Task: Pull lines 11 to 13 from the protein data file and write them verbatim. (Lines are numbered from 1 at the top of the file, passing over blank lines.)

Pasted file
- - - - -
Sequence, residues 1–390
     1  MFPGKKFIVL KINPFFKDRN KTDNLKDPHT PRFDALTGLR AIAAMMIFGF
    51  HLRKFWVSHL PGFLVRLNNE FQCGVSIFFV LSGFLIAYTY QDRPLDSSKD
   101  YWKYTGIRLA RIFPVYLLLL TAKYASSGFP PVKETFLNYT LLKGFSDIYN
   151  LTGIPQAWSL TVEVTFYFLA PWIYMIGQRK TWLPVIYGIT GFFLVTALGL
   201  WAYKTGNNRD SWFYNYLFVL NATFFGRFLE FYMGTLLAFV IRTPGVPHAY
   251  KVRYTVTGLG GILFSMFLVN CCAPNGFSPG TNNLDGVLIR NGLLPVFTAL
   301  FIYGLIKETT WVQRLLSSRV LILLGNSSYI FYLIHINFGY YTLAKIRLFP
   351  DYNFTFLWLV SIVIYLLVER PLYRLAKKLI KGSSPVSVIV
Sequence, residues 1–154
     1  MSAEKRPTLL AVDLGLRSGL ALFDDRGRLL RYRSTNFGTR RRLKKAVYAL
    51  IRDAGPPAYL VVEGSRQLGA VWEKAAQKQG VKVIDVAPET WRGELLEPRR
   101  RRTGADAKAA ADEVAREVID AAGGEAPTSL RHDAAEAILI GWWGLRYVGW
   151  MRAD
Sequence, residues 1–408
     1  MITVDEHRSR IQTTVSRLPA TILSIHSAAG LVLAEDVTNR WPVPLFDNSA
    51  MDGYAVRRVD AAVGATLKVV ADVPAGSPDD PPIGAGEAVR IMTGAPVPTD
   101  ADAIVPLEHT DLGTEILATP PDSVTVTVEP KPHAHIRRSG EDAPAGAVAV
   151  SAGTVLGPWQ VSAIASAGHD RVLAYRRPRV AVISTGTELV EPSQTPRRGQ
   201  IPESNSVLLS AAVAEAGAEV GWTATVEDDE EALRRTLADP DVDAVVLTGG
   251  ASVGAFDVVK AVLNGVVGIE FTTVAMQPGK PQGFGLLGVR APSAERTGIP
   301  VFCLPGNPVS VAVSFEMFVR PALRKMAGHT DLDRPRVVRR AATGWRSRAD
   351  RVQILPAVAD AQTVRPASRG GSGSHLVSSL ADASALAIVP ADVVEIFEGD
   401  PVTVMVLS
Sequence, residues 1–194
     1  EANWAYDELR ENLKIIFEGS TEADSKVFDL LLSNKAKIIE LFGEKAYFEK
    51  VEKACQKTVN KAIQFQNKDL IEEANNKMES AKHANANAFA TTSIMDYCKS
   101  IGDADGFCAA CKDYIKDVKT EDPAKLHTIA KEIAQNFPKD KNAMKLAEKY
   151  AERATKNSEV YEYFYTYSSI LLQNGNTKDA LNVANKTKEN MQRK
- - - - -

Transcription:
     1  MSAEKRPTLL AVDLGLRSGL ALFDDRGRLL RYRSTNFGTR RRLKKAVYAL
    51  IRDAGPPAYL VVEGSRQLGA VWEKAAQKQG VKVIDVAPET WRGELLEPRR
   101  RRTGADAKAA ADEVAREVID AAGGEAPTSL RHDAAEAILI GWWGLRYVGW